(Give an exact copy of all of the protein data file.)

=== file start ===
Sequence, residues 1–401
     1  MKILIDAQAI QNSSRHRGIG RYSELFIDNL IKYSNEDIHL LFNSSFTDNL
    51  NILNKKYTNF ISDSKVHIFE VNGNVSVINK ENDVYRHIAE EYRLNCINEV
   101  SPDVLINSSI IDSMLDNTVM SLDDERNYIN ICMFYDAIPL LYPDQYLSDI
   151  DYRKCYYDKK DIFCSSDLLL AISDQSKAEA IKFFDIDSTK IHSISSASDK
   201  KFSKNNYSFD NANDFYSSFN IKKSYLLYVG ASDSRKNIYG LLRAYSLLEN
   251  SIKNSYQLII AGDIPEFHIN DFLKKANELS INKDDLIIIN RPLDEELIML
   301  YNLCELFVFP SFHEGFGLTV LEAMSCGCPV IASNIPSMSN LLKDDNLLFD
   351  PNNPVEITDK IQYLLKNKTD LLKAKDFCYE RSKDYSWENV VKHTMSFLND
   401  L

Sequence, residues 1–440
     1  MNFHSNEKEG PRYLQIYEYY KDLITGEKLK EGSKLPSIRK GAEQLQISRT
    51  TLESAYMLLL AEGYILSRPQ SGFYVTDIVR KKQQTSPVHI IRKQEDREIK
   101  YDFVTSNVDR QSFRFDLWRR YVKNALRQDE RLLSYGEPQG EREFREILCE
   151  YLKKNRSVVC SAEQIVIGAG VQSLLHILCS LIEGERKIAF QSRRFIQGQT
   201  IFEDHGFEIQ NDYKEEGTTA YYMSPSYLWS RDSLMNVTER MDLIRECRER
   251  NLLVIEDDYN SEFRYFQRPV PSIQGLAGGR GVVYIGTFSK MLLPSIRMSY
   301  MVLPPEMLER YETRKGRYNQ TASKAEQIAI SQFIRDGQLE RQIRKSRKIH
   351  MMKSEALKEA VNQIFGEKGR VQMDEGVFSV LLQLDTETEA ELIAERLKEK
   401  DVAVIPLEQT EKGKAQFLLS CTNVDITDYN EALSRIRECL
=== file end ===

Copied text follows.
Sequence, residues 1–401
     1  MKILIDAQAI QNSSRHRGIG RYSELFIDNL IKYSNEDIHL LFNSSFTDNL
    51  NILNKKYTNF ISDSKVHIFE VNGNVSVINK ENDVYRHIAE EYRLNCINEV
   101  SPDVLINSSI IDSMLDNTVM SLDDERNYIN ICMFYDAIPL LYPDQYLSDI
   151  DYRKCYYDKK DIFCSSDLLL AISDQSKAEA IKFFDIDSTK IHSISSASDK
   201  KFSKNNYSFD NANDFYSSFN IKKSYLLYVG ASDSRKNIYG LLRAYSLLEN
   251  SIKNSYQLII AGDIPEFHIN DFLKKANELS INKDDLIIIN RPLDEELIML
   301  YNLCELFVFP SFHEGFGLTV LEAMSCGCPV IASNIPSMSN LLKDDNLLFD
   351  PNNPVEITDK IQYLLKNKTD LLKAKDFCYE RSKDYSWENV VKHTMSFLND
   401  L

Sequence, residues 1–440
     1  MNFHSNEKEG PRYLQIYEYY KDLITGEKLK EGSKLPSIRK GAEQLQISRT
    51  TLESAYMLLL AEGYILSRPQ SGFYVTDIVR KKQQTSPVHI IRKQEDREIK
   101  YDFVTSNVDR QSFRFDLWRR YVKNALRQDE RLLSYGEPQG EREFREILCE
   151  YLKKNRSVVC SAEQIVIGAG VQSLLHILCS LIEGERKIAF QSRRFIQGQT
   201  IFEDHGFEIQ NDYKEEGTTA YYMSPSYLWS RDSLMNVTER MDLIRECRER
   251  NLLVIEDDYN SEFRYFQRPV PSIQGLAGGR GVVYIGTFSK MLLPSIRMSY
   301  MVLPPEMLER YETRKGRYNQ TASKAEQIAI SQFIRDGQLE RQIRKSRKIH
   351  MMKSEALKEA VNQIFGEKGR VQMDEGVFSV LLQLDTETEA ELIAERLKEK
   401  DVAVIPLEQT EKGKAQFLLS CTNVDITDYN EALSRIRECL